2015 ISAKOS Biennial Congress Paper #217
Two-Year Outcomes Following Biologic Patch Augmentation for the Treatment of Massive Rotator Cuff Tears
Maximilian Petri, MD, Vail, CO UNITED STATES
Ryan J. Warth, MD, Houston, Texas UNITED STATES
Marilee P. Horan, MPH, Vail, CO UNITED STATES
Josh A Greenspoon, BSc, Vail, CO UNITED STATES
Peter J. Millett, MD, MSc, Vail, CO UNITED STATES
Campus Bio-Medico, Rome, ITALY
FDA Status Cleared
Summary: The purpose of this study was to assess minimum two-year outcomes after biologic patch augmentation in patients with massive rotator cuff tears.
Surgical techniques for the repair of rotator cuff tears have improved dramatically over the past decade. However, the management of massive tears with poor tendon quality remains a challenging problem for the treating surgeon. Recently, the use of acellular human dermal biologic patch augmentation has been proposed as a potential solution due to favorable biomechanical properties and theoretical enhanced tissue regeneration capacity. Reports of clinical outcomes following patch augmentation have been limited. Therefore, the purpose of this study was to assess minimum two-year outcomes after biologic patch augmentation in patients with massive rotator cuff tears.
This study was IRB-approved. Surgical indications for patch augmentation surgery were the
presence of a massive cuff tear with sufficient tendon quality to allow for: (1) fixation of the native rotator
cuff tendon to the medial footprint on the greater tuberosity and (2) fixation of the allograft patch to the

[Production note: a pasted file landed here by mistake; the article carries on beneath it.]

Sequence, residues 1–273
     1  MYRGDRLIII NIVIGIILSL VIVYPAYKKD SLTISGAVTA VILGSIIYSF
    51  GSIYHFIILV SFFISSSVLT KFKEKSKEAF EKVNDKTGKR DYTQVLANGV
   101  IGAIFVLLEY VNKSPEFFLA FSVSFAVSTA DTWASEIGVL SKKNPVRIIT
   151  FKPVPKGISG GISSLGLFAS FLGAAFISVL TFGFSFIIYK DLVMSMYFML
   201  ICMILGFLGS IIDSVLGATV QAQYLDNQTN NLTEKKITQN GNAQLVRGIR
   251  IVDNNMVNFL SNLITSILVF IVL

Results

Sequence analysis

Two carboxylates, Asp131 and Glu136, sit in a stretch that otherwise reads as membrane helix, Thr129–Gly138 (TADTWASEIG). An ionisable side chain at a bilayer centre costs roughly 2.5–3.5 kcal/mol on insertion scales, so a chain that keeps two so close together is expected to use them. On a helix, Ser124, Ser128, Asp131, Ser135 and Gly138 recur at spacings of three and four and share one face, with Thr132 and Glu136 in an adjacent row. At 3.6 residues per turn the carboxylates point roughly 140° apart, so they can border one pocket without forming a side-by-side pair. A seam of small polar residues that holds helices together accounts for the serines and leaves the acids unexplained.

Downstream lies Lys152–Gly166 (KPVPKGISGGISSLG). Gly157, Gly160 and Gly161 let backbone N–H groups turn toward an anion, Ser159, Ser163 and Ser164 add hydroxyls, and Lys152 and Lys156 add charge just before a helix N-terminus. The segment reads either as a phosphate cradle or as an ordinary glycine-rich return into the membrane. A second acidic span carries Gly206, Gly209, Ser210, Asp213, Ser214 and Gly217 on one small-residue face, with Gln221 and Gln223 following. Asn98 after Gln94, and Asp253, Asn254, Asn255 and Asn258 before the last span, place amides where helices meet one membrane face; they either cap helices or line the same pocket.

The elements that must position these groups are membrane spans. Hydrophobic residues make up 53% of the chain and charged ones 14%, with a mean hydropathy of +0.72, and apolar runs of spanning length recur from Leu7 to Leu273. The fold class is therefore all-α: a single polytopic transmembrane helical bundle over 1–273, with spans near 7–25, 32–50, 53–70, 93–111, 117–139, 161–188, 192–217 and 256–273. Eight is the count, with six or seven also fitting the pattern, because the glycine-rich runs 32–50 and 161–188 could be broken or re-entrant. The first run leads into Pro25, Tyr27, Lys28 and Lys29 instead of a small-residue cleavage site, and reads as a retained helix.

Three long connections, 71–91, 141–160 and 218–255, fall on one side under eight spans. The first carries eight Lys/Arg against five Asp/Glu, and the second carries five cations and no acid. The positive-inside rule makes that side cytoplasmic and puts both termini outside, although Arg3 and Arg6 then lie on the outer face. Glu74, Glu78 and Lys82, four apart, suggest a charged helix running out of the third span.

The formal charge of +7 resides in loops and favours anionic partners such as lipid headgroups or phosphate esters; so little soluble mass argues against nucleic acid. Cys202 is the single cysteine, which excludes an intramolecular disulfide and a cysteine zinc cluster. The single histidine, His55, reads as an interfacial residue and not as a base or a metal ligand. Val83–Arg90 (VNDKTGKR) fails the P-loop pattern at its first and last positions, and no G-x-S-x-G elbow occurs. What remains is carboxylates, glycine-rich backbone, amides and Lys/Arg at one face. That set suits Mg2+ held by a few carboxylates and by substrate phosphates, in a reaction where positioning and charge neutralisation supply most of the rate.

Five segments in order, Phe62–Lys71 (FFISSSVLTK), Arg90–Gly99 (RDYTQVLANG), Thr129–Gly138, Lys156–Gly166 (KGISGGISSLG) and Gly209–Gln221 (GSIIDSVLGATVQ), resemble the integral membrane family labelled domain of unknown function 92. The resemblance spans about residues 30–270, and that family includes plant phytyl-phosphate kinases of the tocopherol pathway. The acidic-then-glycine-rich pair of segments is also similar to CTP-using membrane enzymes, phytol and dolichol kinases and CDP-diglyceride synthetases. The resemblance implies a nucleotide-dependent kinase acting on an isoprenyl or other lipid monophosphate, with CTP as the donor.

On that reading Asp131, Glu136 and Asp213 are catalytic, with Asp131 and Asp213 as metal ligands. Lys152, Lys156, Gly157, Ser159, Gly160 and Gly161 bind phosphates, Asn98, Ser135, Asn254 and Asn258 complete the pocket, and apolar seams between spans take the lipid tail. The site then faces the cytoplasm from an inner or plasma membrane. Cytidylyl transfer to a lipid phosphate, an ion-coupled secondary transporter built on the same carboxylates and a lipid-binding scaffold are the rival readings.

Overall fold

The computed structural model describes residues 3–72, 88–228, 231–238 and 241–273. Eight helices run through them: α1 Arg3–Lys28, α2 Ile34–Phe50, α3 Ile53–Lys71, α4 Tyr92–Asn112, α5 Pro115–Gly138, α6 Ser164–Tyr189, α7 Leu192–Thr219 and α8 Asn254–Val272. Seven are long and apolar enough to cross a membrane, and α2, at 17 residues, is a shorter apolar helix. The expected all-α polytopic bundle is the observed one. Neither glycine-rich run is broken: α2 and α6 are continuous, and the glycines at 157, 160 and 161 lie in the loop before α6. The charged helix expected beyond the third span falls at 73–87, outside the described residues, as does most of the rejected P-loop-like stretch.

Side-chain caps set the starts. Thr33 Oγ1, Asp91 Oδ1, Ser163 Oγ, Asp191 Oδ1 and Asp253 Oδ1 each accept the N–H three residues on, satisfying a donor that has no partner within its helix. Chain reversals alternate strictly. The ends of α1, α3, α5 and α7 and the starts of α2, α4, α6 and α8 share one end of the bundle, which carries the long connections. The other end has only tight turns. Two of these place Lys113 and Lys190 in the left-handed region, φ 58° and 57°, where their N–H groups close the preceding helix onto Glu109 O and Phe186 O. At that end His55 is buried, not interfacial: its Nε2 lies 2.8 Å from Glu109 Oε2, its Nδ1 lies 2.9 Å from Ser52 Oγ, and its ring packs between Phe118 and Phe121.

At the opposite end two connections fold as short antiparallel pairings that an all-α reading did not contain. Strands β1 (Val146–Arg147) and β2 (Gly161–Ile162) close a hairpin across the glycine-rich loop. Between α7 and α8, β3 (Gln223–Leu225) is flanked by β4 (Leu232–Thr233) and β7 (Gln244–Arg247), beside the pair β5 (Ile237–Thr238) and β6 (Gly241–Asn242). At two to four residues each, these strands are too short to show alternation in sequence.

remaining cuff tissue. Between April 2008 and June 2011, 21 shoulders with massive rotator cuff tears
were repaired using a bridging double row technique and augmented with acellular dermal patches
composed of collagen matrix with impregnated growth factors, glycosaminoglycans and proteoglycans.
Demographic and surgical data along with pre- and postoperative outcomes scores including ASES, SF-
12 PCS, QuickDASH, and SANE scores were collected prospectively and retrospectively analyzed. Data
regarding patient satisfaction and revision surgeries were also collected postoperatively. Failure of patch
augmentation occurred when a patient underwent further surgical treatment for rotator cuff insufficiency,
including reverse total shoulder arthroplasty (rTSA). Survivorship at 24 months was calculated using the
Kaplan-Meier method. For statistical analyses, level of significance was set at p<0.05.
Twenty-one rotator cuff patch augmentation procedures were performed in 5 women and 15 men (one bilateral) with a mean age of 58 years (range 47-68 years). Seventeen of the 21 procedures (81.0%) were revisions of a previous cuff repair. Four of the 21 cuff repairs (19.0%) were revised a mean of 2.6 years postoperatively (range 2.8 months-2.5 years). One shoulder underwent a rTSA 3 months after the patch repair and 3 shoulders underwent revision rotator cuff repair at a mean of 13 months
postoperatively (range 5- 25 months). For those that did not undergo revision surgery, mean follow-up
was 2.8 years (range 2.0-4.7 years). Follow-up was obtained in 15 of the remaining 17 shoulders (88.2%).
Survivorship was 82.6% at 24 months. Mean ASES significantly improved from 59 points prior to
surgery to 85 points postoperatively (p<0.05). Mean SF-12 PCS, QuickDASH and SANE outcomes
scores also all demonstrated significant improvements over their preoperative baselines (p<0.05). At final
follow-up, median patient satisfaction was 10/10 (range, 4-10).
Biologic patch augmentation with human acellular dermal patches was a safe and effective treatment modality for this cohort of patients with massive rotator cuff tears and poor tendon quality. Significant improvements in function and high patient satisfaction were found two years postoperatively with low failure and complication rates.